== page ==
This year Shavuot, or the Festival of Weeks, falls from the evening of June 7 through nightfall on June 9 (except in Israel, where it is only celebrated for one day). During this holiday we celebrate the day G-d gave the Torah to the Israelites assembled at Mount Sinai 40 days after the Exodus from Egypt.
But it's a holiday that is also connected to the season of the harvesting of grain. In the days of the Temple in Jerusalem, two loaves of bread from the wheat harvest were given as an offering on Shavuot.
Continuing with the harvest theme, Shavuot was also the first day which people could bring the first fruits of the Israeli growing season (Bikkurim): wheat, barley, grapes, figs, pomegranates, olives, and dates.
Pomegranate wall hanging
Although Shavuot has no defined commandments (mitzvot) other than refraining from work, a special service in temple, and holiday meals, it does have many customs, which can be remembered by the anagram acharit (“last” in Hebrew):
Akdamut: the reading of a special poem during morning services on Shavuot. This is traditionally read just before that day's Torah reading.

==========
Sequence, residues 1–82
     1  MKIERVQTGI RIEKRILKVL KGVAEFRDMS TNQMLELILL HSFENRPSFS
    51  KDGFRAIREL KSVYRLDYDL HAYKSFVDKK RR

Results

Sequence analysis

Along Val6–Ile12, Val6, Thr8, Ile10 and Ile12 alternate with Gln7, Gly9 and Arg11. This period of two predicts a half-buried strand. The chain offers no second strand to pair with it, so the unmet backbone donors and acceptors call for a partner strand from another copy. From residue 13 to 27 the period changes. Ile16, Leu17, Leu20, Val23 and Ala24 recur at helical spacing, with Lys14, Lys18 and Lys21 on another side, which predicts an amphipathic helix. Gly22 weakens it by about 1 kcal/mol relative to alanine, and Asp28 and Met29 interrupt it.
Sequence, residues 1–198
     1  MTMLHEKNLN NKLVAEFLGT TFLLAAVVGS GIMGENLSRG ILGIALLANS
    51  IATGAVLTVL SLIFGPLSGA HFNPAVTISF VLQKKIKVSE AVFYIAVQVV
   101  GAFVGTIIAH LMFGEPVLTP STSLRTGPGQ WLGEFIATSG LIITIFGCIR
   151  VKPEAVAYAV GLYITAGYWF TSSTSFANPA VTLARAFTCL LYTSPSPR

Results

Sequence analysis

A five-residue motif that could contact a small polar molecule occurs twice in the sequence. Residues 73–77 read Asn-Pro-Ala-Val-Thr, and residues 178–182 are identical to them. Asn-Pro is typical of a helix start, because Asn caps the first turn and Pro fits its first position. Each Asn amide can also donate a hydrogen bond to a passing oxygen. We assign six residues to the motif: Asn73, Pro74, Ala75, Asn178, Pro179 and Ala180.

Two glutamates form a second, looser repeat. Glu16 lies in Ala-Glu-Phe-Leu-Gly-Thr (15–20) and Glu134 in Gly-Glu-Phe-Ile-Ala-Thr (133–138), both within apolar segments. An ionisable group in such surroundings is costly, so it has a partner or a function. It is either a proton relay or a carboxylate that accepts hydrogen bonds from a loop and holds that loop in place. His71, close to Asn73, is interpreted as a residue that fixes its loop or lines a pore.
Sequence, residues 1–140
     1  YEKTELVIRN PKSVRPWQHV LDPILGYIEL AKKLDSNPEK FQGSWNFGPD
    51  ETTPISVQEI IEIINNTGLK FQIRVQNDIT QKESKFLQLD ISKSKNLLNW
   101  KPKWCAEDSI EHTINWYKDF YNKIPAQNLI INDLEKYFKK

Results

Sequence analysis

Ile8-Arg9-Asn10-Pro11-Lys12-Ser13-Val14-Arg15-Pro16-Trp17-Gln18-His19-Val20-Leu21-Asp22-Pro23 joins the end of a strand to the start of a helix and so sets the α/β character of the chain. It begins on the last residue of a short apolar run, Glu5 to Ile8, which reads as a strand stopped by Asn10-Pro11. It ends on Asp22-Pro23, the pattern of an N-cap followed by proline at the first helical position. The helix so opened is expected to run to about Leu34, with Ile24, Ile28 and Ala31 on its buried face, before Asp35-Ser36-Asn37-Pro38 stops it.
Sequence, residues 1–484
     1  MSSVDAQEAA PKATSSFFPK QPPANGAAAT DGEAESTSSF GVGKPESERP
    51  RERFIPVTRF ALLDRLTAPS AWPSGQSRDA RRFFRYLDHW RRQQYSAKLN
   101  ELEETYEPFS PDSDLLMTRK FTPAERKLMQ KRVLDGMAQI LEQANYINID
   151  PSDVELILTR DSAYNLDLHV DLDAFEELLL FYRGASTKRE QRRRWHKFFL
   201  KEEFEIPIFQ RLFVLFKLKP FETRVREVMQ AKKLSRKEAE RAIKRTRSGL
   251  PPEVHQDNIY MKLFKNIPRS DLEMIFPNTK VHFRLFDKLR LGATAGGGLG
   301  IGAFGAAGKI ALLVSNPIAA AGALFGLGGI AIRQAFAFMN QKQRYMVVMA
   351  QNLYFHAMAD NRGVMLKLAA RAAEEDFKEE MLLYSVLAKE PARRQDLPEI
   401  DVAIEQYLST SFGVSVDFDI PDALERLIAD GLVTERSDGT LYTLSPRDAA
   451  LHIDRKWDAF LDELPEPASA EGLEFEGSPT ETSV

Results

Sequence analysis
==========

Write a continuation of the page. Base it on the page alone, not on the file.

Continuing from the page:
Chalav: “Dairy”, eating dairy meals during the holiday. Popular choices include cheesecake, cheese blintzes, cheese kreplach, and, my daughter's favorite, cheese burekas.
Ruth: The reading from the Book of Ruth at morning services.
Yerek: The use of greenery to decorate synagogues and homes during the holiday.
Torah: All night Torah study. On the holiday of , the entire Jewish nation heard from G‑d the Ten Commandments. The next day Moses went up to Mount Sinai, where he was taught by G‑d the rest of the Torah—both the Written and Oral Laws—which he then transmitted to the entire nation.
Sterling Torah Pendant